Oil prices registered a drop of more than a dollar on Wednesday as fears of Greece’s exit from the euro single currency and a larger-than-expected rise in crude stocks in top consumer United States dented the outlook for oil demand growth.
Many investors believe prolonged political crisis in Greece may push Europe into a deeper financial mess and hit the demand for oil. Concerns are also being raised about the slowdown of Chinese economy.
Brent crude slipped as low as $111.20 a barrel and traded at $111.25 on Wednesday. US oil fell $1.23 a barrel to $92.75, the lowest since 19 December.
“A further $2-$3 fall is acceptable under current conditions,” said Tetsu Emori, a Tokyo-based commodities fund manager at Astmax Investments. “The market has been under pressure because of weak sentiment. But if you go by supply-demand balance, oil prices are undervalued.”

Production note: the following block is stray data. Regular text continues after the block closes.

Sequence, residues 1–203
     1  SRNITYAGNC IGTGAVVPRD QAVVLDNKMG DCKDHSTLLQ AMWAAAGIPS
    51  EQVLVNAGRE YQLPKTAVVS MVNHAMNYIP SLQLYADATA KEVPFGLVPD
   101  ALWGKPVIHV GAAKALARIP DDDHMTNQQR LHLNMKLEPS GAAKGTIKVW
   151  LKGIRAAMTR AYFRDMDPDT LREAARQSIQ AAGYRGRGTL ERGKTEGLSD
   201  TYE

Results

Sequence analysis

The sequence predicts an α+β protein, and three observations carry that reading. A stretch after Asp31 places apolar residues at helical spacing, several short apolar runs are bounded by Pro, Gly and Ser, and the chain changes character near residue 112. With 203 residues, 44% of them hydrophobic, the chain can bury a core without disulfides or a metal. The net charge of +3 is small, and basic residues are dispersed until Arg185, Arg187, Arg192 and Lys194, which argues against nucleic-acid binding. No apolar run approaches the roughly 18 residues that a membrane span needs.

The Japanese analyst added that oil prices may start to spiral once the US holiday season begins. He also expected supplies to tighten because top oil producers and exporters such as Saudi Arabia have very limited spare capacity. Top OPEC members have already ramped up output to replace Iranian oil exports.
Data from the American Petroleum Institute (API) suggested US crude stocks increased nearly four times than what analysts had expected. Crude inventories rose 6.57 million barrels in the week to 11 May, outpacing analysts’ expectations of a rise of 1.7 million barrels.
Political parties in Greece are bracing for another round of elections after abandoning efforts to form a government, pushing it closer to bankruptcy and a eurozone exit.
According to Reuters technical analyst Wang Tao, Brent remains neutral above a support at $110.34 per barrel, the 7 May low, while support for US oil lies at $92.79 per barrel and the contract may either hover around this level for one trading session or rebound moderately to $94.80.